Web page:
Michael Brown's shooting in Ferguson lost on social media

As protests erupted in Ferguson, Mo., following the fatal shooting of Michael Brown, many went to social media outlets for news and information, only to find that much content seemed to be missing from their streams.

Filters used by Facebook helped to bury news about Michael Brown’s shooting

A group of young protesters pose on Aug. 17 with their hands in the air, a pose now associated with Michael Brown's fatal shooting by a police officer. Photos like this circulated on social media with people across the country imitating the gesture in solidarity with Ferguson. (Charlie Riedel/Associated Press)

As protests erupted in Ferguson, Mo., following the fatal shooting of Michael Brown, many went to social media outlets for news and information, only to find that much content seemed to be missing from their streams.

Before reporters with national profiles arrived in Missouri, pictures of the militarized police presence in the area were circulating on Twitter, showing armed vehicles, snipers, rubber bullets and tear gas being used against protesters.

For those on Twitter, particularly people following journalists and community activists across the United States and Canada, the news about Ferguson was pervasive.  

Patrick Ruffini (@PatrickRuffini), a strategist with who specializes in digital analytics, tweeted a graph showing the rapid growth of posts on Twitter using #Ferguson on August 13.  His graph shows that the conversation grew from zero tweets to almost 4,000 within nine hours.

However, on Facebook a different trend emerged.

No Ferguson on Facebook

"My tweetstream is almost wall-to-wall with news from Ferguson.  Only two mentions of it in my Facebook news feed," tweeted Mark Hamilton (@gmarkham), a journalism instructor at Kwantlen Polytechnic University in British Columbia, on Aug. 13.

The post was quickly favourited and shared with hundreds of people, many echoing Hamilton's observations.

Zeynep Tufekci, an assistant professor at the University of North Carolina, Chapel Hill's School of Information and Library Science, was one of the leading voices online calling attention to this issue.

"No Ferguson on Facebook last night," she wrote in a post published on Medium on Aug. 14.

"I wonder: what if Ferguson had started to bubble, but there was no Twitter to catch on nationally?  Would it ever make it through the algorithmic filtering on Facebook."

Police advance after tear gas was used to disperse a crowd in Ferguson, Mo., on Aug. 17. (Charlie Riedel/Associated Press)

Increasingly, people are using social media tools to raise awareness about local issues on national platforms, a practice called "clicktivism," said Dr. Anatoliy Gruzd, director of the Social Media Lab at Dalhousie University.

Hash tags are created to create a trend on Twitter and Facebook, but "there's a concern that the algorithmic filtering of the content can hinder the ability of the protesters to build awareness for their particular campaign," said Gruzd.

Commercial entities like Twitter and Facebook "have control of what we see on screens, how it's organized and what we might be interested in sharing," he said. And the algorithms that filter content on social media are proprietary, meaning that the public has no access to them.

"We don't know exactly what we're not seeing," he said. "The formula changes all the time."

Who decides the trends?

A citizen peacekeeper tries to keep protesters back as police advance on Aug. 18, in Ferguson. (Christian Gooden/Associated Press)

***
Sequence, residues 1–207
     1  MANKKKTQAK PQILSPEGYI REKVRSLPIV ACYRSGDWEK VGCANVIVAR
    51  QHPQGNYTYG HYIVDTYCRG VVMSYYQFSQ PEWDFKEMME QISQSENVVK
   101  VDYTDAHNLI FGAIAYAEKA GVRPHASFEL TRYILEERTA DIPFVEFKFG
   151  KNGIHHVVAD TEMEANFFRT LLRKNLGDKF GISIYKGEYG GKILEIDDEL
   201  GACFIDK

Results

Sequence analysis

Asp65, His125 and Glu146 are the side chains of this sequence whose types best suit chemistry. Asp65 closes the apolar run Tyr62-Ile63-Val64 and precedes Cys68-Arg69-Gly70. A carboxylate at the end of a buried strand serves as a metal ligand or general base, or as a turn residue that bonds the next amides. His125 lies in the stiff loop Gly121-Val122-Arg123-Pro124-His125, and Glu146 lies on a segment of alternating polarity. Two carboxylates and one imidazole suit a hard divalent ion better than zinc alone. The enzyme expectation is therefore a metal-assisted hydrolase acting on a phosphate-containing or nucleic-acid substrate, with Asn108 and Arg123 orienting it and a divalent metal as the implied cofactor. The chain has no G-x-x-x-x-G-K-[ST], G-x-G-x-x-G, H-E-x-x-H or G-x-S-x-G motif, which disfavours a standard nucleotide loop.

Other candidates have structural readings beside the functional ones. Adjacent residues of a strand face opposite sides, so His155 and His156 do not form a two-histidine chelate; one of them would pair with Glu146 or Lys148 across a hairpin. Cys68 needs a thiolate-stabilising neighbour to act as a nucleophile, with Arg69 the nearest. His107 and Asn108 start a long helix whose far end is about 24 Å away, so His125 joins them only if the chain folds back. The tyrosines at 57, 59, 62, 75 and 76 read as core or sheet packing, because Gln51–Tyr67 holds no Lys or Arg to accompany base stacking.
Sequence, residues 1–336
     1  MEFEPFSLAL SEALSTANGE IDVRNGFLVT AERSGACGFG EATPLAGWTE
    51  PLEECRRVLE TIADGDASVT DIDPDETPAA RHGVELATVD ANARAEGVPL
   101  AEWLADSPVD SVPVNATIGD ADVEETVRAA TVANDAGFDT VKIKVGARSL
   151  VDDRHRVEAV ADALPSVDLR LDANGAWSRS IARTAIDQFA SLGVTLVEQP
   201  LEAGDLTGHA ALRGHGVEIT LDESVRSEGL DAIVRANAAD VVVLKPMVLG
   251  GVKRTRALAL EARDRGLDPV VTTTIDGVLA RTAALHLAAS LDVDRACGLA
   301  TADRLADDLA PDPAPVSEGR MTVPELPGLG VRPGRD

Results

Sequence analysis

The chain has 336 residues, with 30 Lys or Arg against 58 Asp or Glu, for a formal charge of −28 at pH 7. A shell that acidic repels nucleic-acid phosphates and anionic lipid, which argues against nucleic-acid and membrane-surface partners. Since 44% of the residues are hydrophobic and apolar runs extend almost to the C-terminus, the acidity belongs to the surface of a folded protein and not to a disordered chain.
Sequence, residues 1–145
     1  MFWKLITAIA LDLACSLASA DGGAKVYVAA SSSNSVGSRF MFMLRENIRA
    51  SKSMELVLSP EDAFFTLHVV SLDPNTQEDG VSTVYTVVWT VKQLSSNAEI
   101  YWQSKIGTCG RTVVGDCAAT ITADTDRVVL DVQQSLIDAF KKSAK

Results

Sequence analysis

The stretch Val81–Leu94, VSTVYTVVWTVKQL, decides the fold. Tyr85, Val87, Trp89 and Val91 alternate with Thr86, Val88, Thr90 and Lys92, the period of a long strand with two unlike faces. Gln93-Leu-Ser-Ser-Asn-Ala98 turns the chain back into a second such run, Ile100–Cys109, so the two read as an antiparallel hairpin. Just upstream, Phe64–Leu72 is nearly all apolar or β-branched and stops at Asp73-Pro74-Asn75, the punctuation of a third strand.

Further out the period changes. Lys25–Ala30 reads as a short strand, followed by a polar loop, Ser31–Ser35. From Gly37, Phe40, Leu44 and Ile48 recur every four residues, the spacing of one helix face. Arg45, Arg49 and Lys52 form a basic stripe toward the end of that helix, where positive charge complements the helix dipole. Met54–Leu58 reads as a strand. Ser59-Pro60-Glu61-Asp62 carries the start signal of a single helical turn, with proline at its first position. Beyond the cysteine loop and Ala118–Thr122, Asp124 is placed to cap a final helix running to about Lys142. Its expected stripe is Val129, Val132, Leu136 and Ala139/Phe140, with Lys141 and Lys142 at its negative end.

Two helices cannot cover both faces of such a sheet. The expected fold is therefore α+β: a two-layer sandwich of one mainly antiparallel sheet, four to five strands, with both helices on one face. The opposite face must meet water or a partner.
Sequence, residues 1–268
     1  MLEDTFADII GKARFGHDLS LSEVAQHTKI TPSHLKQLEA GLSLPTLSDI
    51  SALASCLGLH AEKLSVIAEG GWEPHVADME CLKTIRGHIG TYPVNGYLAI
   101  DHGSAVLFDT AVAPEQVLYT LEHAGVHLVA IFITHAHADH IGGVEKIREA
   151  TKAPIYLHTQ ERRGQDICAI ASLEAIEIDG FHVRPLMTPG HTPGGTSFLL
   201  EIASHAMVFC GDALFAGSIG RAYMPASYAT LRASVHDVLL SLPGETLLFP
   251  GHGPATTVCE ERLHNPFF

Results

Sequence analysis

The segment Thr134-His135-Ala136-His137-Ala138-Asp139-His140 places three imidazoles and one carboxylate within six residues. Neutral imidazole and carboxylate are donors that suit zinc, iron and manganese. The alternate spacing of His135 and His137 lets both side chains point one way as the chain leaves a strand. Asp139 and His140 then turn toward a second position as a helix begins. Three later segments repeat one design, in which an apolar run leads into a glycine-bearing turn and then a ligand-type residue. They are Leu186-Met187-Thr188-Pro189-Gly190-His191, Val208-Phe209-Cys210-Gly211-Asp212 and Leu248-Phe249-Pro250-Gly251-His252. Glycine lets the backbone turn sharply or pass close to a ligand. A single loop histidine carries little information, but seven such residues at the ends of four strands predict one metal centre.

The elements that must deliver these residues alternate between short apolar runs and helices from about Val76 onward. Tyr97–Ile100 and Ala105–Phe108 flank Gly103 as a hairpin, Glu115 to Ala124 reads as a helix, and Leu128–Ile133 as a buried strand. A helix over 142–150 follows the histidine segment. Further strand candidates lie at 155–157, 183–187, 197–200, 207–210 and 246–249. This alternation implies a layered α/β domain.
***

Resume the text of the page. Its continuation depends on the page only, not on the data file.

The question is whether information is deliberately filtered by social media companies privileging some stories over others.

Fenwick McKelvey, an assistant professor in the Department of Communication Studies at Concordia University says the debate about how things trend on social media is not new.  A similar discussion took place about Wikileaks forcing Twitter to share information on how topics trend on its platform.

"Twitter Trends are automatically generated by an algorithm that attempts to identify topics that are being talked about more right now than they were previously," Twitter says on its official blog. "Sometimes a topic doesn't break into the Trends list because its popularity isn't as widespread as people believe."

Police wait to advance after tear gas was used to disperse a crowd on Aug. 17 in Ferguson. Images of police in full military gear with armoured vehicles have been among the most widely circulated media from Ferguson. (Charlie Riedel/Associated Press)

Who's the villain?

"I don't think there's a villain," McKelvey said.

"We want social media to behave like a journalist," he says, because we are turning to social media more frequently for our news.

According to McKelvey it's not an editorial bias that dictates what appears or doesn't appear on our timeline. It's algorithms intended to help us get a personalized experience on the web.

Facebook relies on strong connections, pushing content from friends that you regularly interact with and material that you have previously shown interest in to the top.

If you have a habit of liking cat photos and watching cat videos, Facebook will push cat content to the top of your stream.

In contrast, Twitter is a more open discussion that relies less on individual connections, allowing more interactions between strangers, and basing trends on popular topics discussed in your geographic area rather than among your social circle.

Policing the internet

"The government plays a big role in bringing accountability to these companies," said McKelvey, mentioning user privacy, data security and fair pricing as examples.

He says given the size and influence of these social media sites it's time to go further and demand more transparency that allows users greater control over how and what information is presented to them.

"Media has power and new media has power that has not been met with sufficient regulations."